Finally got a minute between holidays and shopsitting to edit the photos and get the vents fitted with the help of a neighbour who is a carpenter by trade. He had to replace 5 T&G boards that had popped and split, fitting the vent at the same time. He trimmed the flange to a circle so that it looked more like a porthole and a bit more decorative.
The vent on the cabin seems to be working so far. We did have a hiccup n Saturday when we found moisture out there, but the ceiling was still open at the apex and we think the insulation foam was sweating. Since it has been sealed back up again it has been fine. Is it similar to the dehumidifier in that in that it works best with the doors shut, or shouldn’t it make a difference?
The one on the shed has already had the effect of cooling it down and freshening it up as it was very stale and musty smelling in there before. I think our 5 squirrels think we have bought them a new shiny toy!
A couple of local guys who are builders are very impressed with the vents, and the guy who fitted it thought it was absolutely brilliant. I really think there would be a market for them over here, so if you ever want an agent, let me know!
Janet was kind enough to extend her comments with this follow-up review
We have had a 17’x10′ cabin in the garden now for 9 years, purpose built to house a hot tub with a shower and toilet. It was built as a solid garden room with double glazing, underfloor heating and insulated double thickness roof and walls, but it soon became clear that it was too well insulated and we were having condensation problems, even when the hot tub wasn’t on.
We had fitted an extractor fan from the outset but it could not cope. We added extra ventilation grills on the walls, and it was still bad, getting much worse when we had to turn off the underfloor heating as it was too expensive to run. The whole dynamics changed, exacerbated by felling the conifer trees that previously shaded the building from the sun for most of the day.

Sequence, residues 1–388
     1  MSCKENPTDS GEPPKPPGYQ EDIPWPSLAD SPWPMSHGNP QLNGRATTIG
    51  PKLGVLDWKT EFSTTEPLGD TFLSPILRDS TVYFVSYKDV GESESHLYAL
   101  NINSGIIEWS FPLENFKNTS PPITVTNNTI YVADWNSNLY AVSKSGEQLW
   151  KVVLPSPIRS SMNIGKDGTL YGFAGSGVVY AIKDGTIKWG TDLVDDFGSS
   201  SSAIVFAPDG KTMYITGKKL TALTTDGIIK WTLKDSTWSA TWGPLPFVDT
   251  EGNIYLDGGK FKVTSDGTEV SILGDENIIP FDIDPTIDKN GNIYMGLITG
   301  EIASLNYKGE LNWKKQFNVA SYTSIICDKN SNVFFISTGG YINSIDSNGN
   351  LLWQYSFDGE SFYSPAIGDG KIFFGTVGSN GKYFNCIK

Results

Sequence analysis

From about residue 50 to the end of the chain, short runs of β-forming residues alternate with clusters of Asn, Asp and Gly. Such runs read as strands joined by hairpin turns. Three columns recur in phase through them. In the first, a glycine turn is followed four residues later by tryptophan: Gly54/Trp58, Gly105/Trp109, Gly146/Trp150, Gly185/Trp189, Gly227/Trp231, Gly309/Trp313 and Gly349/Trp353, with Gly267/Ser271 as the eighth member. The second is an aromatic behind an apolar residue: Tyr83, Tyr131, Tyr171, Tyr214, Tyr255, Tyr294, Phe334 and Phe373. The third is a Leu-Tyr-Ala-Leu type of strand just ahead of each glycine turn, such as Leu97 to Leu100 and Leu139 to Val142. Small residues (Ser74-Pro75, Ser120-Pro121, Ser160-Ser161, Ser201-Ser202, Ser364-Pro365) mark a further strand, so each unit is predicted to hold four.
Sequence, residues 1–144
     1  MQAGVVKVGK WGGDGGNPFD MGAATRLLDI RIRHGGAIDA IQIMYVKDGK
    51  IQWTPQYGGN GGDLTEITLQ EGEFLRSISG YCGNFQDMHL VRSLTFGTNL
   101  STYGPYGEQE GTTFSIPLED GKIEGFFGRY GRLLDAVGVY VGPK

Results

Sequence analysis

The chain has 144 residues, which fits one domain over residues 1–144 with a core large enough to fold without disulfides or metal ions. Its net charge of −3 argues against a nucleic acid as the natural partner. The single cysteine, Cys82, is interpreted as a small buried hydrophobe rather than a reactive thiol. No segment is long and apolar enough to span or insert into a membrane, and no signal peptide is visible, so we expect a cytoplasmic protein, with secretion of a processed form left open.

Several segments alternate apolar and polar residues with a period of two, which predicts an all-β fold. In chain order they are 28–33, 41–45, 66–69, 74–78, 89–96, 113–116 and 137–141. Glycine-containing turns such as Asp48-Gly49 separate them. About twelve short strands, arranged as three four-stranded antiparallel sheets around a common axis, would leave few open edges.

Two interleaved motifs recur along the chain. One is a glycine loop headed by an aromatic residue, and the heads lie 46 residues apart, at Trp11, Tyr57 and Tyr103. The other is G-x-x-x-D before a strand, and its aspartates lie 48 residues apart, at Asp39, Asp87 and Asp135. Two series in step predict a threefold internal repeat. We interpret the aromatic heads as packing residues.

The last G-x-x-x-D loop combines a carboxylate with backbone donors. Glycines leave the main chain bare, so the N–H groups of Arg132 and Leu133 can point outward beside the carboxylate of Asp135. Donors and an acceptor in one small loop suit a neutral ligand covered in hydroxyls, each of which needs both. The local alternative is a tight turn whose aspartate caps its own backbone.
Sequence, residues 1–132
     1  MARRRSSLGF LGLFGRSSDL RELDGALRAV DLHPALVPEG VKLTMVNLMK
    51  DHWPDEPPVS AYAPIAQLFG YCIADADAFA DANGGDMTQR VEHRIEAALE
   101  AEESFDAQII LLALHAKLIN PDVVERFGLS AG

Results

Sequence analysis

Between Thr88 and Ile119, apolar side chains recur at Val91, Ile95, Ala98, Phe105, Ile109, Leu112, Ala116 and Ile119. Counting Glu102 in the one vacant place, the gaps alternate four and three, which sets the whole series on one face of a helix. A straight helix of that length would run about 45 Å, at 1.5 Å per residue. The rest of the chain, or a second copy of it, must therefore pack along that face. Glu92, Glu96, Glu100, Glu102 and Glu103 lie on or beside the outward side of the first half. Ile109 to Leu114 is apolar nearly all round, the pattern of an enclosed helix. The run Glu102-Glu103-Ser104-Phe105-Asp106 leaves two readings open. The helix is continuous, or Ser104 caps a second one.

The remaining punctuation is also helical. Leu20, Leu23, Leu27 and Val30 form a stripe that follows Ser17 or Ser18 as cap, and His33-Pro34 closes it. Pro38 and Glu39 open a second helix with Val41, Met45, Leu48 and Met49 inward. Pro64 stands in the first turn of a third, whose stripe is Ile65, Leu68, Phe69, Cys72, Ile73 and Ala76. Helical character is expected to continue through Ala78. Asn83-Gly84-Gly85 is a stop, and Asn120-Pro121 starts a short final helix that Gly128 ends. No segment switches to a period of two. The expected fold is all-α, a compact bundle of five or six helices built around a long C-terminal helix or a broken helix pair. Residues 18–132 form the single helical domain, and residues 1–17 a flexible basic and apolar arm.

It was “raining” condensation from the roof, even after we installed a dehumidifier as high up on the wall as we could get it. The apex was still dripping water and the tongue and groove boards were popping out.
Having decided we needed a wind turbine vent I started looking around and found that they are not around over here, so followed Google to the US where I found the Aura Vents. I spoke to Martin several times on the phone about the best sizes and he was very helpful but a little unsure that the vent would be able to deal with the steam from the hot tub.
We eventually bought a 12″ telescopic vent for the cabin, and added a 6″ vent for the shed, which also suffered from being unventilated and got very stuffy and musty smelling. A neighbour who is a carpenter fitted them both easily and repaired the ceiling at the same time. We trimmed the flange on the large vent to look a little like a porthole so that it was more decorative.
I have to say that cutting a 12″ hole in the roof was a little scary but I wish we had known about these vents 9 years ago as it has cured all the problems with no leaks! We have now disconnected the fan and sold the dehumidifier on eBay, and the cabin is well aired with no condensation, whatever the temperature outside.
When the hot tub is on, there has always been an inversion layer of steam which used to take a long while to clear but now it disperses very quickly and the room stays dry. Even the shower curtain now dries out properly instead of “stewing” and going mouldy.
We are so impressed with these vents, and the problems we had have been cured for a very small outlay, plus the electricity bill has gone down sharply. We would thoroughly recommend them, especially for dealing with hot tub enclosures.
Janet and Thomas McPherson, Bath England